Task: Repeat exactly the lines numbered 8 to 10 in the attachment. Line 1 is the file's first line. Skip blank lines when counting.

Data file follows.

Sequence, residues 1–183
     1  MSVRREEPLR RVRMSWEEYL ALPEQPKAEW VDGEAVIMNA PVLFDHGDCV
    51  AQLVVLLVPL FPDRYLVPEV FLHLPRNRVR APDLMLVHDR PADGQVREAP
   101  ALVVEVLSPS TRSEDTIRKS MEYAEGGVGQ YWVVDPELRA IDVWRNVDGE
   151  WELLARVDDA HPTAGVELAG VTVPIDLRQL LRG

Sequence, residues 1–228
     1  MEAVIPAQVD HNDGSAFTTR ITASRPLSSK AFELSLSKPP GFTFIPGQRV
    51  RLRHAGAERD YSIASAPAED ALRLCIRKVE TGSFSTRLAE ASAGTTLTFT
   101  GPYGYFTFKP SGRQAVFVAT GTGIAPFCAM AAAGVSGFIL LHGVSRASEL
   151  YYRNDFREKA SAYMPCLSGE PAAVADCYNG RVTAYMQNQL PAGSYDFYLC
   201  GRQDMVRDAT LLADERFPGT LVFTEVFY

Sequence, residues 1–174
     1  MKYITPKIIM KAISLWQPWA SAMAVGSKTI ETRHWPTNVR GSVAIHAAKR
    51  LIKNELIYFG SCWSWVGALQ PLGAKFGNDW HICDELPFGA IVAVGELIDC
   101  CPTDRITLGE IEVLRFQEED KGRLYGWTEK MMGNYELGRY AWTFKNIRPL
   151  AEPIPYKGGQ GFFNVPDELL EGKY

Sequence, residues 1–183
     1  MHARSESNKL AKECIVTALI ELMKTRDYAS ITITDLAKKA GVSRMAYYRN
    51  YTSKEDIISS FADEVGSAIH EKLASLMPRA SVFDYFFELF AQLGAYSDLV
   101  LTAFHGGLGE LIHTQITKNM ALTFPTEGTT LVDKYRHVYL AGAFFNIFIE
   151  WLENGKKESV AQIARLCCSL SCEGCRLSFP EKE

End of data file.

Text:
    51  RLRHAGAERD YSIASAPAED ALRLCIRKVE TGSFSTRLAE ASAGTTLTFT
   101  GPYGYFTFKP SGRQAVFVAT GTGIAPFCAM AAAGVSGFIL LHGVSRASEL
   151  YYRNDFREKA SAYMPCLSGE PAAVADCYNG RVTAYMQNQL PAGSYDFYLC